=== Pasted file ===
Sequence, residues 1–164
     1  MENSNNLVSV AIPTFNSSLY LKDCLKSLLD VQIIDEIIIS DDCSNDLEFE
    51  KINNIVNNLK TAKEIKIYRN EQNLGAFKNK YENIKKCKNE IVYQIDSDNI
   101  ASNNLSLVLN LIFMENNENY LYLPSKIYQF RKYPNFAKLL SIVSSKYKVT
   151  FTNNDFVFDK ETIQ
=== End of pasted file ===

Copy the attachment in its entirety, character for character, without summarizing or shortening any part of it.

Sequence, residues 1–164
     1  MENSNNLVSV AIPTFNSSLY LKDCLKSLLD VQIIDEIIIS DDCSNDLEFE
    51  KINNIVNNLK TAKEIKIYRN EQNLGAFKNK YENIKKCKNE IVYQIDSDNI
   101  ASNNLSLVLN LIFMENNENY LYLPSKIYQF RKYPNFAKLL SIVSSKYKVT
   151  FTNNDFVFDK ETIQ